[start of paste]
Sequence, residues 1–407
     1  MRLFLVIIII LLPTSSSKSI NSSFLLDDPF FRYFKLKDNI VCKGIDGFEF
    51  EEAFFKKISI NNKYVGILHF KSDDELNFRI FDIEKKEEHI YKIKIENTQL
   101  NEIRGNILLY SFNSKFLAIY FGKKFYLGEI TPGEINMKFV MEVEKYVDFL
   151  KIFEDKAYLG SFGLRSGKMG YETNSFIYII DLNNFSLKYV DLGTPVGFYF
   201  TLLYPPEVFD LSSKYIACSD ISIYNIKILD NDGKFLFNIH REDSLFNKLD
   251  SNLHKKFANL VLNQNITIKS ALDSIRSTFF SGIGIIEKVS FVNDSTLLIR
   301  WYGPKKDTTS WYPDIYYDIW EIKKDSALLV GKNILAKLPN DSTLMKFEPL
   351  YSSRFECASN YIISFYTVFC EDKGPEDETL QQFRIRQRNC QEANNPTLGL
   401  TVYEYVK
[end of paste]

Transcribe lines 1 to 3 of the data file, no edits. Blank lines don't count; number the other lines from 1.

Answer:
Sequence, residues 1–407
     1  MRLFLVIIII LLPTSSSKSI NSSFLLDDPF FRYFKLKDNI VCKGIDGFEF
    51  EEAFFKKISI NNKYVGILHF KSDDELNFRI FDIEKKEEHI YKIKIENTQL